A typical embodiment of the present invention is in a fluid loading arm environment, particularly for use, for example, in the transfer of petroleum or other liquid products between a tanker and shore based storage facility as illustrated in FIG. 1. Other uses of the invention are in pipeline passages which contain an elbow. There is shown a marine loading arm 10 comprising a plurality of straight sections of pipe joined by fluid swivels and pipe elbows. The arm comprises an inboard pipe section 12, and an outboard pipe section 14, pivotally connected through swivel joint 16 to the inboard section, an upstanding riser section 18 to which the inner section is pivotally connected by a further swivel joint 20, and a triple swivel assembly connected to the end of the outboard pipe, 14. For purposes of illustration only, the riser is shown mounted on a dock 22. Suitable piping (not shown) is provided between the riser and a liquid storage reservoir (also not shown). At the upper end of the riser 18, there is provided an elbow 24, which is mounted on the lower straight section by means of a swivel joint 26 which facilitates movement of the arm relative to the riser vertical axis. The triple swivel assembly comprises three swivels in mutually perpendicular planes and a series of adjacent elbows, to permit free movement of the arm. The overall configuration of the arm is essentially conventional and is illustrated in greater detail in the aforesaid U.S. Pat. No. 3,724,499. Other types of marine and fluid loading arms are contemplated for the present invention. In the loading arms previously discussed, as the fluid passes through the various elbows, the centrifugal force created will cause a pressure differential with the outer radius being at a higher pressure relative to the inner radius of the elbow. When the flow velocity is great enough, then the pressure level at the inner radius will fall below the known vapor pressure of the liquid and vapor bubbles will form. As the velocity increases, the degree of cavitation will also increase correspondingly. When the cavitation has developed sufficiently, it will extend into the straight sections of the downstream pipes, and it will end at a point downstream where there are no longer any centrifugal force effects in the pressure field and/or the fluid angular momentum will have dissipated. The formed vapor bubbles are then subjected to higher pressures and implosions or collapse of the bubbles occur, causing the problems previously discussed.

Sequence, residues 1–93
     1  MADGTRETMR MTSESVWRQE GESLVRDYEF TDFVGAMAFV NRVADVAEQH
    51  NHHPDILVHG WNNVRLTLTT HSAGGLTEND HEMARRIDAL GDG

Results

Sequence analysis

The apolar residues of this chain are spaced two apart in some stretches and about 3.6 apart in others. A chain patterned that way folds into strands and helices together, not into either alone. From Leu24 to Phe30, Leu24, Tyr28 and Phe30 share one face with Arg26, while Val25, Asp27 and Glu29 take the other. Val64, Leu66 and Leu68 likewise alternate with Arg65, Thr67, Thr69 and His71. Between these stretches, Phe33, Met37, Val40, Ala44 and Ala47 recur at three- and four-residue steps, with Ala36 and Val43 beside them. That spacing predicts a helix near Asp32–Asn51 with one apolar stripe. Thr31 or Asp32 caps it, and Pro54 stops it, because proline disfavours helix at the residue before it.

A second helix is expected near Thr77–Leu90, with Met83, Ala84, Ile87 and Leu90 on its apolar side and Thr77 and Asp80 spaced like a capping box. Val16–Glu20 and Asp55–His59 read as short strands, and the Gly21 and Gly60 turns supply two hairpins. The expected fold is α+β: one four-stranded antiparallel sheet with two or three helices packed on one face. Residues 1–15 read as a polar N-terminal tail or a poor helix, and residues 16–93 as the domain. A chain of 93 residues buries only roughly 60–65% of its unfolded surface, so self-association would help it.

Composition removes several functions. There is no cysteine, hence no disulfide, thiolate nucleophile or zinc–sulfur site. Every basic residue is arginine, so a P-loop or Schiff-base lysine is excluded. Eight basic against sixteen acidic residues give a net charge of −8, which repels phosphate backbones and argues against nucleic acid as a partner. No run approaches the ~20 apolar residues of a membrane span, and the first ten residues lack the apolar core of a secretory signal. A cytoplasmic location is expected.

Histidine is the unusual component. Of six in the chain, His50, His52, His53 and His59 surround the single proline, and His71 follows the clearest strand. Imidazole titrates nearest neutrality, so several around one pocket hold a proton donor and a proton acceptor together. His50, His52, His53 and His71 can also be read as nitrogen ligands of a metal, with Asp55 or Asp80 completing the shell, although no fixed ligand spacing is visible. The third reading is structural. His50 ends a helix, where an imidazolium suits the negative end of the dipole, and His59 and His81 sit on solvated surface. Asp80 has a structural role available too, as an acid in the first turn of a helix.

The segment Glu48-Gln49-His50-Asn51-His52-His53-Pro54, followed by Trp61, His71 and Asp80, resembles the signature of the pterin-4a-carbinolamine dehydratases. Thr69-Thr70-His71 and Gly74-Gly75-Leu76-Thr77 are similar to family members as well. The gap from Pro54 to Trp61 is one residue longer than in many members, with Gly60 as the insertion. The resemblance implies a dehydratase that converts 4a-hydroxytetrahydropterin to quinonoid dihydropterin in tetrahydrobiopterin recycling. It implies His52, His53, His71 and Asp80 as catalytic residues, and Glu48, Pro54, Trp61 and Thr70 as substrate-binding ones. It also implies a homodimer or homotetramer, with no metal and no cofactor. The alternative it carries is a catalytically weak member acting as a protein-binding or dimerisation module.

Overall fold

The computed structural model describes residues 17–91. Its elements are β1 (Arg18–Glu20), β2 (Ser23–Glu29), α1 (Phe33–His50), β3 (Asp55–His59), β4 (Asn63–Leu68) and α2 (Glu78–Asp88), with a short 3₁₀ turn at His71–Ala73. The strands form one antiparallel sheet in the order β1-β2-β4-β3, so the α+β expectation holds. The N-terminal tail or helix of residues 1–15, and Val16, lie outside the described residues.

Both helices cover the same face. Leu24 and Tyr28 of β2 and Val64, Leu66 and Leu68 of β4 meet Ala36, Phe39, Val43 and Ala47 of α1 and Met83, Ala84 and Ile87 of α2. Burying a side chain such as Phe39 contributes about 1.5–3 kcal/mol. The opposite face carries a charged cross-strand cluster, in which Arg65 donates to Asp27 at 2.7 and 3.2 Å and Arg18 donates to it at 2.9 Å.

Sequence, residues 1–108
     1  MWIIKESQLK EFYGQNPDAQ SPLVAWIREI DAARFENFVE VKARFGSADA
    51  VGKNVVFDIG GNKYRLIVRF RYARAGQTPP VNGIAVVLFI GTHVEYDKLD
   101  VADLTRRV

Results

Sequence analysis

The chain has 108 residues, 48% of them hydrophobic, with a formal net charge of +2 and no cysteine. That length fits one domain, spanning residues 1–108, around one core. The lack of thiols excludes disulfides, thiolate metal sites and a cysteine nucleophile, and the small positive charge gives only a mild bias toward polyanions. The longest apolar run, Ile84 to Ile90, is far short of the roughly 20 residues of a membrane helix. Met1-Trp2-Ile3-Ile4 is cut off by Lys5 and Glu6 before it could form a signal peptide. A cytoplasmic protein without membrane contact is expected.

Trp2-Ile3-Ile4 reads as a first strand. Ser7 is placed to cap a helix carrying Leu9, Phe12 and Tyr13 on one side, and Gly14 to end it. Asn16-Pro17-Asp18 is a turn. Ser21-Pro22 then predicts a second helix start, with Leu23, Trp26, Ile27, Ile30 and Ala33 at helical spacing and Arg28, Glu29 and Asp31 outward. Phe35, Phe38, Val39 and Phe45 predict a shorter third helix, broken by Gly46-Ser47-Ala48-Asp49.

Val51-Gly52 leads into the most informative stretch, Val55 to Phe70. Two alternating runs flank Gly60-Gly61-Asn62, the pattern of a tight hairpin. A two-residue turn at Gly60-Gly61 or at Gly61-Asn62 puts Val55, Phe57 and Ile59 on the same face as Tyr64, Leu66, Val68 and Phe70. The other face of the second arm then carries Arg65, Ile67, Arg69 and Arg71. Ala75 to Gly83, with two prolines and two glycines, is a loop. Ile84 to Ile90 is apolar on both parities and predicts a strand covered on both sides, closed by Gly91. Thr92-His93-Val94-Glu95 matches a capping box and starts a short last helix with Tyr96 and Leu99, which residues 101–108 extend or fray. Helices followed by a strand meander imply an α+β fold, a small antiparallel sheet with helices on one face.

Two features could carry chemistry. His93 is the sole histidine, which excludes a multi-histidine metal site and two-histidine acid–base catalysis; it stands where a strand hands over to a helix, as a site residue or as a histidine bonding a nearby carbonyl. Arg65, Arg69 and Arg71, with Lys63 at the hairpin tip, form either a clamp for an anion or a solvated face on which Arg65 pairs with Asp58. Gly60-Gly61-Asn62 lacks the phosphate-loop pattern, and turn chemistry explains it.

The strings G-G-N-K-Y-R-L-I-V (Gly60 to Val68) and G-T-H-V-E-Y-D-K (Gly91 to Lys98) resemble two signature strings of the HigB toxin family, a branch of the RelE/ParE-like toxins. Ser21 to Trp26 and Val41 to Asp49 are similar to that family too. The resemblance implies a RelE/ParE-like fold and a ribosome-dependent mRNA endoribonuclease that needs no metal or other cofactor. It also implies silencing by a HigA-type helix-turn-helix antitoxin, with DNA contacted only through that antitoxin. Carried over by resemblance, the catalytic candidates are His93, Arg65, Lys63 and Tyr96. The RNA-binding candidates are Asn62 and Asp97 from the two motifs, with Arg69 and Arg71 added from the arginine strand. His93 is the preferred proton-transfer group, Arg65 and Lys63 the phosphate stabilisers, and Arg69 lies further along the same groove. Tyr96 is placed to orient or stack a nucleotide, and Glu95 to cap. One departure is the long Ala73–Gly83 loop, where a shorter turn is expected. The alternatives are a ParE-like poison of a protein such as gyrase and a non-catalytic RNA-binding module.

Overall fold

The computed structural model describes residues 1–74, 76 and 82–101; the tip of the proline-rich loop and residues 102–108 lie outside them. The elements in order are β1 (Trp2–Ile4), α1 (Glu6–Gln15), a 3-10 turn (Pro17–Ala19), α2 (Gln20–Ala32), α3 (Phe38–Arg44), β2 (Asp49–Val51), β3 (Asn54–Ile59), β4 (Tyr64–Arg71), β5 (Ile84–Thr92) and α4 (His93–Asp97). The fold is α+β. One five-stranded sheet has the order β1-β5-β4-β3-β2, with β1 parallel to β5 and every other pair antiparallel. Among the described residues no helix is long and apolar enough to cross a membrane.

To overcome these, there is provided in the pipe elbows turning vanes 28 according to the present invention which will suppress the occurrence of cavitation while improving the flow rate. These vanes are curved, rigid and made of metal or other light material and function to split the single flow stream into multiple streams which have smaller pressure gradients than the single flow stream pressure gradient. This permits higher flow rates to be achieved prior to reaching the fluid's vapor pressure, at which cavitation will result. According to the present invention, vanes are extended for a distance past the elbow tangent point which has been shown to improve the non-cavitating flow velocities. By lengthening the vane from about 0.4 to one times the elbow's inner diameter this accomplishes the desired objectives. Also, the extended vane was disposed at a slightly negative attack angle. By this it is meant that the extended portion of the vane is disposed at a negative angle relative to a plane parallel with the axis of the straight pipe section. Test results show that providing an approximate attack angle of -1.5 degrees and a vane extension of 0.4 to 1 times the elbow radius will prevent cavitation. However, it is anticipated and can be determined experimentally that the optimal negative attack angle α can vary, depending upon the product and elbow geometry employed. FIG. 2 illustrates the vane 28 extended at 30 for a distance L into the adjacent upstream section 32 of the pipe. The vane is situated on a line of constant bend radius which may be equal to approximately 0.85 times the elbow's internal diameter D. While the present embodiment is shown as employing a single vane, it is also contemplated that more than one vane may be employed, depending upon the amount of increase in flow velocity desired. The forward upstream or leading vane edge 34 is disposed transverse to the direction of flow through the arm and shaped with a sloping surface 36 away from the direction of flow in order to attain a relatively clean aerodynamic shape.